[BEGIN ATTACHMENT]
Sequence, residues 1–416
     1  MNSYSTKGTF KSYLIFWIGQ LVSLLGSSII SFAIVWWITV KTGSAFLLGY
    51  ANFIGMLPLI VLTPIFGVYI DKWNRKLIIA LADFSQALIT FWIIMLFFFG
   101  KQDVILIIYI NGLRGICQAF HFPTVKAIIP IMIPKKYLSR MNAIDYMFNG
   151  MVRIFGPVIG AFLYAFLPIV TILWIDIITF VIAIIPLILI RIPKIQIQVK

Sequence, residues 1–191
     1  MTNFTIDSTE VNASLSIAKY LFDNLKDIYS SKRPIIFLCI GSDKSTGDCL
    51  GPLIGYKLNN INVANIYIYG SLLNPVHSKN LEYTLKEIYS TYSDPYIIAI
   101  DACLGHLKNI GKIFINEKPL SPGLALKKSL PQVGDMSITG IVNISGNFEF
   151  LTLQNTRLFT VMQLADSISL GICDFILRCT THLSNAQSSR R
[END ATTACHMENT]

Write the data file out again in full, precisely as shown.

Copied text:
Sequence, residues 1–416
     1  MNSYSTKGTF KSYLIFWIGQ LVSLLGSSII SFAIVWWITV KTGSAFLLGY
    51  ANFIGMLPLI VLTPIFGVYI DKWNRKLIIA LADFSQALIT FWIIMLFFFG
   101  KQDVILIIYI NGLRGICQAF HFPTVKAIIP IMIPKKYLSR MNAIDYMFNG
   151  MVRIFGPVIG AFLYAFLPIV TILWIDIITF VIAIIPLILI RIPKIQIQVK

Sequence, residues 1–191
     1  MTNFTIDSTE VNASLSIAKY LFDNLKDIYS SKRPIIFLCI GSDKSTGDCL
    51  GPLIGYKLNN INVANIYIYG SLLNPVHSKN LEYTLKEIYS TYSDPYIIAI
   101  DACLGHLKNI GKIFINEKPL SPGLALKKSL PQVGDMSITG IVNISGNFEF
   151  LTLQNTRLFT VMQLADSISL GICDFILRCT THLSNAQSSR R